The 2017 Dutch budget memorandum: a summary
During this year’s Prinsjesdag the Dutch government unveiled its budget plans for 2017 along with highlighting its accomplishments over the last few years.
"The tide has turned," said Dutch finance minister Jeroen Dijsselbloem when he presented the Budget Memorandum for 2017. "We are back on solid ground. And we can again look further ahead and invest in opportunities for people."
He stated that public finances have improved and that next year the economy is expected to grow by 1,7 percent. All signs indicate that consumer confidence is strengthening and that businesses are investing again. After a series of difficult years due to the global financial crisis, the Netherlands is recovering at a steady pace, Dijsselbloem announced.
Public finances in better shape
While the budget deficit rose to more than 5 percent of the gross domestic product (GDP) at the height of the financial crisis, it’s projected to fall to 0,5 percent next year.
The national debt is expected to decline further to 62 percent of the GDP next year. Structural measures taken by the government, such as increasing the state pension age and interventions in the healthcare sector, should ensure that education, healthcare, social security and other public services remain affordable.
Purchasing power and investments in 2017
Public finances are in better shape than expected when the Second Rutte cabinet took office in 2012. That makes it possible for the government to spend 1,1 billion euros annually, starting in 2017, to strengthen purchasing power in the Netherlands.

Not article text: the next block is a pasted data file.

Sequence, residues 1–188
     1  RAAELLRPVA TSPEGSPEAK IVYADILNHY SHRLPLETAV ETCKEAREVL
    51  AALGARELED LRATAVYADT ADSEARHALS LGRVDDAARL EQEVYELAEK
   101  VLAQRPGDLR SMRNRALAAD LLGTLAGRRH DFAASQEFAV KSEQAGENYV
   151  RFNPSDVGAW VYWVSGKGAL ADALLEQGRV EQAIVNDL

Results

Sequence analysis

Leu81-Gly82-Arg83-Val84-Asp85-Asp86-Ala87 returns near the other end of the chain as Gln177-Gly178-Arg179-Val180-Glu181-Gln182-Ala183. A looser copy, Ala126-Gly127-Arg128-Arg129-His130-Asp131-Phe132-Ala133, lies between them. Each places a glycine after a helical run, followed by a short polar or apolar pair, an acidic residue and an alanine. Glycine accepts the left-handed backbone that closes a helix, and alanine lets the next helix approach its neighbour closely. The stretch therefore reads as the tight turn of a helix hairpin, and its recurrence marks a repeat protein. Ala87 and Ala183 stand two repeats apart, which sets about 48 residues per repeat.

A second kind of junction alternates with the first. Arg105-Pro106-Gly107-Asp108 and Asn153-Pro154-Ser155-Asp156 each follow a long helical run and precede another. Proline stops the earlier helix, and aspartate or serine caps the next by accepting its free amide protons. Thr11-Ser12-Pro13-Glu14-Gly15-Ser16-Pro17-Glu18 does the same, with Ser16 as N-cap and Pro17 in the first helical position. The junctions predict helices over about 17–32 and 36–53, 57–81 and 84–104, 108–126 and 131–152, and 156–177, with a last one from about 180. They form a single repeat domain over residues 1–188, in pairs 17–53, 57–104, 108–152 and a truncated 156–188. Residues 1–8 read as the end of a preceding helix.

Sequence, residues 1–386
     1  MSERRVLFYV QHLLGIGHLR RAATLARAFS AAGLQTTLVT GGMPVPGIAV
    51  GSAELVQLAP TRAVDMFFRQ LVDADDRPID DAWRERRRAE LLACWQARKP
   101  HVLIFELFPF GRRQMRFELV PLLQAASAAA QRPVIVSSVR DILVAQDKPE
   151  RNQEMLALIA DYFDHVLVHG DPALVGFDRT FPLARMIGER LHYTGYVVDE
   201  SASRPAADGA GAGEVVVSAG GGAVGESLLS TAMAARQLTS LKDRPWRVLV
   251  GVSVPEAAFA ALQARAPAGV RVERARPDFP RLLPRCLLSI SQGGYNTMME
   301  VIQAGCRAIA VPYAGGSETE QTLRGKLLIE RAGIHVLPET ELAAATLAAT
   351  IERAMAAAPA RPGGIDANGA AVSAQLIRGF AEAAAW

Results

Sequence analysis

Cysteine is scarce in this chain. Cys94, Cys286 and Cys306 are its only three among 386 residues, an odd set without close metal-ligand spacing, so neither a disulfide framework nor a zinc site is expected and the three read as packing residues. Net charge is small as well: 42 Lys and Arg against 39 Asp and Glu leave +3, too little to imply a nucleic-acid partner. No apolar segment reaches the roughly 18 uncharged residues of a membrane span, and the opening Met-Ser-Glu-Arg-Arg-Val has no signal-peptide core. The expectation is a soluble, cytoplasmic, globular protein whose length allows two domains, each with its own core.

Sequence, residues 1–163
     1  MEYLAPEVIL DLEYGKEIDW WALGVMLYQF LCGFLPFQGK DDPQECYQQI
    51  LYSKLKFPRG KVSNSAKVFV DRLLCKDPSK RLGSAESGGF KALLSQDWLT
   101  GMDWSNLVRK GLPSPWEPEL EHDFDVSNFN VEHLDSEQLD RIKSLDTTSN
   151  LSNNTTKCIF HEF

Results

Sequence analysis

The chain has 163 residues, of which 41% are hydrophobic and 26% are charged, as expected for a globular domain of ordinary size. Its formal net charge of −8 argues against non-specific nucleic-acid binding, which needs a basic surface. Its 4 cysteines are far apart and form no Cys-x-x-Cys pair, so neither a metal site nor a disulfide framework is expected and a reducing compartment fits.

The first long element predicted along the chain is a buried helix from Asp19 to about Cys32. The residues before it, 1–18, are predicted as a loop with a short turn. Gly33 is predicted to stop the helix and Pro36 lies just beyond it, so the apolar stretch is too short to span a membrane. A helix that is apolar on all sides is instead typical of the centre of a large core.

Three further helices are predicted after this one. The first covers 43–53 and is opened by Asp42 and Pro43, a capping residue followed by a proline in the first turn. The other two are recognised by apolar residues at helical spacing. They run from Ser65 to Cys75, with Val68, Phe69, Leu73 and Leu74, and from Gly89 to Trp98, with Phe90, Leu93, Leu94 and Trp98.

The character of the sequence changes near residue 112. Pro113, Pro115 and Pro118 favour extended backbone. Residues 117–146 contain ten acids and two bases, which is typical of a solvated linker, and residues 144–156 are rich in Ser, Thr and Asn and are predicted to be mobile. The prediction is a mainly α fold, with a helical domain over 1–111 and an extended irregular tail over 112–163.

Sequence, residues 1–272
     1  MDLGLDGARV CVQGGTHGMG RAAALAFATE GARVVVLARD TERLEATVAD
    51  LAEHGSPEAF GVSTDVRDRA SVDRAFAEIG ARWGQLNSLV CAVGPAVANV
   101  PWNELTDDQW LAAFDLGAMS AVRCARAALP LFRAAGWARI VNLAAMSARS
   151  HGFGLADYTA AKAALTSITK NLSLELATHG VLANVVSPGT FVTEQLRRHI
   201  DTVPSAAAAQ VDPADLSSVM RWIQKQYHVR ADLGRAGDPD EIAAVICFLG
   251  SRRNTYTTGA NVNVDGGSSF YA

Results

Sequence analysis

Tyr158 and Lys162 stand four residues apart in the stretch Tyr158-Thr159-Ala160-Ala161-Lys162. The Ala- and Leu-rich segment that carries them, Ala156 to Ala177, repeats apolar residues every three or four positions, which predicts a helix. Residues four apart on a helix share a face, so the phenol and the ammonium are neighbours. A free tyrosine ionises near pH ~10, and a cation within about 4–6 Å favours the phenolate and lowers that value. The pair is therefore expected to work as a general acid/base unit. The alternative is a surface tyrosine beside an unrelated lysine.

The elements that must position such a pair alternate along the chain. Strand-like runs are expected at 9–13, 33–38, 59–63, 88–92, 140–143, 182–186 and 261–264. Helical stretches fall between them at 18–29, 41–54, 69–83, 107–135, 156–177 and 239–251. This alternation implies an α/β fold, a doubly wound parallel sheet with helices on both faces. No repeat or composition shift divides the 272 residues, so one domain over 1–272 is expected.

All groups - the employed, unemployed, people on welfare and retirees - are expected to benefit from the steadily improving economic conditions.
Justice and security
The Dutch government plans to invest 1,5 billion euros in security, education and healthcare. An additional 450 million euros will be allocated for boosting security in the Netherlands, with more than 200 million euros going to the national police force.
The defence budget will be increased by 300 million euros, with more than 200 million euros intended for the military.
To fight economic inequality in the Netherlands, 100 million will be invested annually to fight child poverty. In 2014, more than 400.000 children were deemed to live in poverty.
This money will be spent on sports gear and activities, school trips or a bicycle, for example. The intention is that all children will be able to participate in sports activities, regardless of socioeconomic background.
Funds will be provided to improve equality of opportunity and to encourage and facilitate higher education for at-risk groups. The planned spending cuts in chronic healthcare have been scrapped for now.
Remainder of current cabinet period
The Rutte II government wants to introduce measures during the remainder of its term to encourage further economic investments in the Netherlands. It wants to attract more industry and business from outside, and will also focus on issues such as energy transition, sustainability, infrastructure and education.
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